Posts Tagged evangelism
In a response to a mother whose 16-year-old daughter has “given up believing in God,” Albert Mohler provides a marvelous critique of the mother’s initial premise: that she had tried to raise her family “under the same strong Christian values that [she] grew up with.”
Mohler’s most basic point: “Christian values” will never be enough:
Christian values are the problem. Hell will be filled with people who were avidly committed to Christian values. Christian values cannot save anyone and never will. The gospel of Jesus Christ is not a Christian value, and a comfortability with Christian values can blind sinners to their need for the gospel.
This one sentence may not accurately communicate this mother’s understanding, but it appears to be perfectly consistent with the larger context of her question and the source of the advice she sought.
Parents who raise their children with nothing more than Christian values should not be surprised when their children abandon those values. If the child or young person does not have a firm commitment to Christ and to the truth of the Christian faith, values will have no binding authority, and we should not expect that they would. Most of our neighbors have some commitment to Christian values, but what they desperately need is salvation from their sins. This does not come by Christian values, no matter how fervently held. Salvation comes only by the gospel of Jesus Christ…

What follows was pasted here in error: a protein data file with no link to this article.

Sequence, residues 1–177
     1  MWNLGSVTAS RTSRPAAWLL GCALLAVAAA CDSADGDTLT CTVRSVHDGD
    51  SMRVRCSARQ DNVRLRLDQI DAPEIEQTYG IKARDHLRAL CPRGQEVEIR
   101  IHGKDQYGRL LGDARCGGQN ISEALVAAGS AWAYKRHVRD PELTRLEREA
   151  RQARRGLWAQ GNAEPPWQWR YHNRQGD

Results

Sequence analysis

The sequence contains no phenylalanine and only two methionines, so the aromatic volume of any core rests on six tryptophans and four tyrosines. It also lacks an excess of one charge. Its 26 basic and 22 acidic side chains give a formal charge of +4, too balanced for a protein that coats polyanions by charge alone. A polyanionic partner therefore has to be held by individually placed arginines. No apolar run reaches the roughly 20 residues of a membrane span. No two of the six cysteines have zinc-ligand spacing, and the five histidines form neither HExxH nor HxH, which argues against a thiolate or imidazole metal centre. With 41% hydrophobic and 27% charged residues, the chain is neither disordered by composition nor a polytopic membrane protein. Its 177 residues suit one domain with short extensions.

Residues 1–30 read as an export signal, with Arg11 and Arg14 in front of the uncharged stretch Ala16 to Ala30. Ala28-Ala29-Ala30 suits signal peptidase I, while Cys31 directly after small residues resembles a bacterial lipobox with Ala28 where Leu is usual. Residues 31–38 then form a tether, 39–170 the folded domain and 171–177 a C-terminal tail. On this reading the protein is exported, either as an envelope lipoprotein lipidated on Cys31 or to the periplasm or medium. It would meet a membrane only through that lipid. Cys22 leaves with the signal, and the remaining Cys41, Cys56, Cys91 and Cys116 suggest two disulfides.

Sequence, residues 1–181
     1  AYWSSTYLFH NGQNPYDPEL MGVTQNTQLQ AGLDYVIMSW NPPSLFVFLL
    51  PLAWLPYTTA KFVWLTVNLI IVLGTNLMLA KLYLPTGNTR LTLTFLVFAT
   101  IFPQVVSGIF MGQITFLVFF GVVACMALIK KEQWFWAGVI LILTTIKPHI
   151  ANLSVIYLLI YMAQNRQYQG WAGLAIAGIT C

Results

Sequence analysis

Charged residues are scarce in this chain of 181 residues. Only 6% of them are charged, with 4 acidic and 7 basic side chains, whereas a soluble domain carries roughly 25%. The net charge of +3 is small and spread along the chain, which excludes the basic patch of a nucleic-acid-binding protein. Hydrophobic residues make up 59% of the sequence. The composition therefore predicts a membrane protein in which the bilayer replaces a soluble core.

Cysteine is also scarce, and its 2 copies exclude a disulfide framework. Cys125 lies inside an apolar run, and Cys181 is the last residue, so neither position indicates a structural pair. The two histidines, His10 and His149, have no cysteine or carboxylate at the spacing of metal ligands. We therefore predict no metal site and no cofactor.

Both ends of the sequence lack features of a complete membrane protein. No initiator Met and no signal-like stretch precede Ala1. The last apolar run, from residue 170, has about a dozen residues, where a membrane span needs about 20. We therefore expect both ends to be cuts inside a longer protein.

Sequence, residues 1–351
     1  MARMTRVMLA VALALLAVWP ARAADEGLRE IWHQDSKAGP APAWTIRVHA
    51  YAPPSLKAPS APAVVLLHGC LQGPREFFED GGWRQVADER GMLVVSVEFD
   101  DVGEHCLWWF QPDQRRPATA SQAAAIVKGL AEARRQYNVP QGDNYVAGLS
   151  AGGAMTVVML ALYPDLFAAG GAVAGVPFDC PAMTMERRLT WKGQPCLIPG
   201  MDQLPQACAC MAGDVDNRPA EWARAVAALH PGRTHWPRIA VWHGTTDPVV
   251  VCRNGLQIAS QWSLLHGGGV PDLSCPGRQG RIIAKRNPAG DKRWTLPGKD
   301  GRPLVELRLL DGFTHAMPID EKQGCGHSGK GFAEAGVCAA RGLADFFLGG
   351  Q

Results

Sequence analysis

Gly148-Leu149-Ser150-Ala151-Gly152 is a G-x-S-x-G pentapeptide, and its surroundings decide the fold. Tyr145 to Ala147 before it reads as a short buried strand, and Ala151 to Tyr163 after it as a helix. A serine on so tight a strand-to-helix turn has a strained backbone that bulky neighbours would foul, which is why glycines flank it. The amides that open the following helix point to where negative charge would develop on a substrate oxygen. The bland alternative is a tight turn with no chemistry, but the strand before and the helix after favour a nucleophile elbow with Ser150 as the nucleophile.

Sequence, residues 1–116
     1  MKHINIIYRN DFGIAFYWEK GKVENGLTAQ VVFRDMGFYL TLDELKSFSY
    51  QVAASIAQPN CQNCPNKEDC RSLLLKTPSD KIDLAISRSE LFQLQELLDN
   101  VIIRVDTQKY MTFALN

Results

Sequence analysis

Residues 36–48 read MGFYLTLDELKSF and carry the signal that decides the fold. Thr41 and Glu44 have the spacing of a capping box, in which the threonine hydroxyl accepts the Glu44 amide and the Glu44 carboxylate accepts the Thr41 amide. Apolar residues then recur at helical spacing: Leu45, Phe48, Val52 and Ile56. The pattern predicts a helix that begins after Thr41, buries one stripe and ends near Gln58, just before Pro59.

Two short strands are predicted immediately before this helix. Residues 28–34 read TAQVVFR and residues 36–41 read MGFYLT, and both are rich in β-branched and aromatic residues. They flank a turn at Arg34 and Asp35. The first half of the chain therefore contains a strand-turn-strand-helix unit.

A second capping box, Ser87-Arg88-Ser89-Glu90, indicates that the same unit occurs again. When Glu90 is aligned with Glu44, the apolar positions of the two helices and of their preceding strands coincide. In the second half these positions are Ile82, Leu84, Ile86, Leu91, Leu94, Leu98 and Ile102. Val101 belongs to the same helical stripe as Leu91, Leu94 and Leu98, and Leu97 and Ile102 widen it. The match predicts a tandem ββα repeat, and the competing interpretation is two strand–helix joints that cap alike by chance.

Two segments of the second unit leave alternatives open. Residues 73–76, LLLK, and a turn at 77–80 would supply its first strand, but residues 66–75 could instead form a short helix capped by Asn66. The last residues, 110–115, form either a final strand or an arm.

… Human beings are natural-born moralists, and moralism is the most potent of all the false gospels. The language of “values” is the language of moralism and cultural Protestantism — what the Germans called Kulturprotestantismus. This is the religion that produces cultural Christians, and cultural Christianity soon dissipates into atheism, agnosticism, and other forms of non-belief. Cultural Christianity is the great denomination of moralism, and far too many church folk fail to recognize that their own religion is only cultural Christianity — not the genuine Christian faith.
This connects quite well with James Davison Hunter’s thesis in his book, The Death of Character: Moral Education in an Age Without Good or Evil, albeit toward slightly broader ends.
For Hunter, focusing on sacred truths — or, in Mohler’s case, salvation through Christ — is the best approach not just for retaining belief in God, but for achieving a moral and virtuous society filled with individuals of strong character:
The social and cultural conditions that make character possible are no longer present and no amount of political rhetoric, legal maneuvering, educational policy making, or money can change that reality. Its time has passed…
This destruction occurs simultaneously with the rise of “values.” Values are truths that have been deprived of their commanding character. They are substitutes for revelation, imperatives that have dissolved into a range of possibilities. The very word “value” signifies the reduction of truth to utility, taboo to fashion, conviction to mere preference; all provisional, all exchangeable. Both values and “lifestyle”—a way of living that reflects the accumulation of one’s values—bespeak a world in which nothing is sacred. Neither word carries the weight of conviction; the commitment to truths made sacred…